In sessions III and IV, we’re looking at how it came to be that neighborhoods are largely segregated by race – and the wealth disparity that goes alongside that pattern.
Session III consisted in watching the episode “The House We Live In” from the PBS series “Race: The Power of an Illusion.” The whole series (3 hour-long videos) is available to rent for a week on Vimeo for $5. However, you can watch just the portion that addresses redlining and how racist mortgage practices in the mid-20th century led to today’s racial disparities in household wealth, for free, here. It’s about 30 minutes long.
Session IV: Redlining in Madison
A 3-minute local news video: http://fox47.com/news/local/expert-describes-how-cities-were-designed-to-put-people-of-color-at-disadvantage
The big project looking at historical redlining maps that’s referenced there – Introduction & brief explanation: https://dsl.richmond.edu/panorama/redlining/#loc=9/43.145/-89.62&city=madison-wi&text=intro
And here’s Madison. Click around some! Notice the language used. https://dsl.richmond.edu/panorama/redlining/#loc=12/43.085/-89.409&city=madison-wi&area=C5&adview=full&adviewer=sidebar
Then, spend some time looking at this recent paper: https://minds.wisconsin.edu/bitstream/handle/1793/80355/Gold%20Merry%20Newman.pdf?sequence=1&isAllowed=y
Consider reading the whole thing; it’s pretty interesting. But here are some highlights.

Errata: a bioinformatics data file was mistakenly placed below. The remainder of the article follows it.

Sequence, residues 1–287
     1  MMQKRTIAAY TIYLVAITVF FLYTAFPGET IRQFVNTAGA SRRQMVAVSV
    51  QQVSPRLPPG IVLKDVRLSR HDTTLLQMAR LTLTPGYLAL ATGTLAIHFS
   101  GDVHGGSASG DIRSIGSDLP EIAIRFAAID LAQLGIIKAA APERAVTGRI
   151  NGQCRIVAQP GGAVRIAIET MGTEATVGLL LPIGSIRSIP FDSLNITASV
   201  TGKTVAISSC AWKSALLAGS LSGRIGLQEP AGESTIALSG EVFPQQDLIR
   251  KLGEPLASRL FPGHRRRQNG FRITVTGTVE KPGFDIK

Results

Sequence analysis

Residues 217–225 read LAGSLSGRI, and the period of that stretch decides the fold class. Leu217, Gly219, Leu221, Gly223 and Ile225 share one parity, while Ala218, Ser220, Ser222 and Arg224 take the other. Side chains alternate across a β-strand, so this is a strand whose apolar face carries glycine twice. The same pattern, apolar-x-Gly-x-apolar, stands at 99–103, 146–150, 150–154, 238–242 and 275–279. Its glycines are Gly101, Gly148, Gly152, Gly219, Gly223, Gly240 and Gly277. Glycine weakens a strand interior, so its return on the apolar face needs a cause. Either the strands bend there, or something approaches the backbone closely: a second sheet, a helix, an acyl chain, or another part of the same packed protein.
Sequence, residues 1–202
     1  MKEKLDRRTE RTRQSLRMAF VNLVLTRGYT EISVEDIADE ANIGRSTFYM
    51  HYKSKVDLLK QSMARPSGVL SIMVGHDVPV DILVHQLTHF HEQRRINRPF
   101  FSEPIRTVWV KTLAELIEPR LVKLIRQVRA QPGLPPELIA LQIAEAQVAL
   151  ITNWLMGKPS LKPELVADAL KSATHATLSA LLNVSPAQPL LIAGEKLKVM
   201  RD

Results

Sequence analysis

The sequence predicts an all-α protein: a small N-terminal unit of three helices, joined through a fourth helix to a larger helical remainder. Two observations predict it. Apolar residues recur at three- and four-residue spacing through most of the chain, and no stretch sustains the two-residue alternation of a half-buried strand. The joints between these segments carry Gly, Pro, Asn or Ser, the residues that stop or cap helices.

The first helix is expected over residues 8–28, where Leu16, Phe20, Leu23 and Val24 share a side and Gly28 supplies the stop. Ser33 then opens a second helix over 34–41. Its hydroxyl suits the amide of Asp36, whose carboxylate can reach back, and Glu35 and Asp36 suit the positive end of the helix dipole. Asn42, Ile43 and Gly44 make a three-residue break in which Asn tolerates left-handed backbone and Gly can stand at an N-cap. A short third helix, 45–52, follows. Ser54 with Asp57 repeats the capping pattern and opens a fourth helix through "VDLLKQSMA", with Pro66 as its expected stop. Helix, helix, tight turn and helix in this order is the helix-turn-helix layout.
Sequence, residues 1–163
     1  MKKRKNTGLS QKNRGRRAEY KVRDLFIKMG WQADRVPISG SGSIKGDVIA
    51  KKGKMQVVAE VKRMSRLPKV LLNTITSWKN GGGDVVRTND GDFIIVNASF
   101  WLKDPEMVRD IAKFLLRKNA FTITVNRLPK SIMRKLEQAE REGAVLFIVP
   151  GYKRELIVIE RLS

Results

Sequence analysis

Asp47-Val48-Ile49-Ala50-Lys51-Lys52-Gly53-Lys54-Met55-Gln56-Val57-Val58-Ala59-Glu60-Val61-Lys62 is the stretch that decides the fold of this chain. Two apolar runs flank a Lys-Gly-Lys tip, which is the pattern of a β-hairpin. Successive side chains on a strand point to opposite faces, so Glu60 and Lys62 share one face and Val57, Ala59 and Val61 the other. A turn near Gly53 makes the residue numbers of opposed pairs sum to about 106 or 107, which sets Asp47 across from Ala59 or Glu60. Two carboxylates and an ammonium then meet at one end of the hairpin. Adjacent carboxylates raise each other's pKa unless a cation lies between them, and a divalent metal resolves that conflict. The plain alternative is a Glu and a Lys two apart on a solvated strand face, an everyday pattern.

- Page 3: “We are seeking to understand if the discriminatory neighborhood evaluations made by the Home Owners’ Loan Corporation have left a legacy of segregation and disparate outcomes in the neighborhoods of Madison. To what extent do modern mortgage lending patterns resemble the 1937 red-lined map of Madison?”
- Read pages 6 & 7 about the historical racial dynamics of Madison.
- Then there’s a whole chunk exploring the debate over whether the redlining maps were descriptive or prescriptive. It’s an interesting question; but what difference does it ultimately make? There’s certainly a huge amount of self-fulfilling prophesy in these ratings.
- From page 20 on, look at the maps and graphs, & what they’re doing.
- Read the conclusion paragraph on page 33. In many ways they end up with more questions. There are clearly some deeply persistent patterns; and there are hints that there are ongoing mechanisms that keep reinforcing those patterns.
An important point: It’s not just that redlined areas have a lack of positive investment; it’s that they suffer from predatory and destructive forces, economic and otherwise. More on that ahead.
Where does all that place St. Dunstan’s as a church founded in the late 1950s on the west side of Madison?
Look at some midcentury Madison maps.
While in 1966 there’s still a lot of open space where there are neighborhoods now, it’s clear that there was RAPID growth to the south and west during these years. (Middleton became a city in 1963, though parts of it are much older – even older than Madison proper.)
I have wondered about the extent to which St. Dunstan’s was a “white flight” church. It doesn’t sound like that was the case, exactly, based on what the paper has to say about the history of Madison’s African-American population. It’s more just that the area was growing, and a church was planted in an area where there was growth. HOWEVER: It may be meaningful that it was planted on the west side, not the south or southwest, which were also growing.
How have we NOTICED the racialized landscape of Madison/Dane County? (Think about language of “crummy” neighborhoods, “bad” schools; places where we have a sense of not belonging or of being unsafe – how are we getting those messages?)
How have we NOT NOTICED it? …
What would it look like to inhabit this landscape differently? …
We have decided to read Ta-Nehisi Coates’ article “The Case for Reparations” and discuss that next week. The article can be read or listened to here. It’s a long read; give it time!
Some additional links…